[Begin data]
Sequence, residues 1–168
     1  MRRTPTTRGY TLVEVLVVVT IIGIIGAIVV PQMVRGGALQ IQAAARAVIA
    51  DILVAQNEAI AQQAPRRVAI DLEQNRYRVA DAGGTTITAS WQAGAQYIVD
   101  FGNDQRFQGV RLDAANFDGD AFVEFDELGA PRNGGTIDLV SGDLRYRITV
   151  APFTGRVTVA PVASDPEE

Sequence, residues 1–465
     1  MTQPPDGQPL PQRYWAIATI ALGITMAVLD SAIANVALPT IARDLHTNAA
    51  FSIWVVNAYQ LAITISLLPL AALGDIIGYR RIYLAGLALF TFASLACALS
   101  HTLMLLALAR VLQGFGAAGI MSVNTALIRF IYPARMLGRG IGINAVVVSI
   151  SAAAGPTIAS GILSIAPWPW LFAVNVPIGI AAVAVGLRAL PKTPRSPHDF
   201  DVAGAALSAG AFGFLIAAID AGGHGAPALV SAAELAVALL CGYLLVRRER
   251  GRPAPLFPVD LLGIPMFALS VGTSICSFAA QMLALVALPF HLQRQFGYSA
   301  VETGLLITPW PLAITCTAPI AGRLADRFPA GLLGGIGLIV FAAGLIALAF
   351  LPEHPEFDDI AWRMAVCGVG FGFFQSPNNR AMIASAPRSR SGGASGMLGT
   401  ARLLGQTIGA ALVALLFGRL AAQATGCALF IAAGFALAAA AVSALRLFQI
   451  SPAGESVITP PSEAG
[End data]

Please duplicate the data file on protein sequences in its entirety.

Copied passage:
Sequence, residues 1–168
     1  MRRTPTTRGY TLVEVLVVVT IIGIIGAIVV PQMVRGGALQ IQAAARAVIA
    51  DILVAQNEAI AQQAPRRVAI DLEQNRYRVA DAGGTTITAS WQAGAQYIVD
   101  FGNDQRFQGV RLDAANFDGD AFVEFDELGA PRNGGTIDLV SGDLRYRITV
   151  APFTGRVTVA PVASDPEE

Sequence, residues 1–465
     1  MTQPPDGQPL PQRYWAIATI ALGITMAVLD SAIANVALPT IARDLHTNAA
    51  FSIWVVNAYQ LAITISLLPL AALGDIIGYR RIYLAGLALF TFASLACALS
   101  HTLMLLALAR VLQGFGAAGI MSVNTALIRF IYPARMLGRG IGINAVVVSI
   151  SAAAGPTIAS GILSIAPWPW LFAVNVPIGI AAVAVGLRAL PKTPRSPHDF
   201  DVAGAALSAG AFGFLIAAID AGGHGAPALV SAAELAVALL CGYLLVRRER
   251  GRPAPLFPVD LLGIPMFALS VGTSICSFAA QMLALVALPF HLQRQFGYSA
   301  VETGLLITPW PLAITCTAPI AGRLADRFPA GLLGGIGLIV FAAGLIALAF
   351  LPEHPEFDDI AWRMAVCGVG FGFFQSPNNR AMIASAPRSR SGGASGMLGT
   401  ARLLGQTIGA ALVALLFGRL AAQATGCALF IAAGFALAAA AVSALRLFQI
   451  SPAGESVITP PSEAG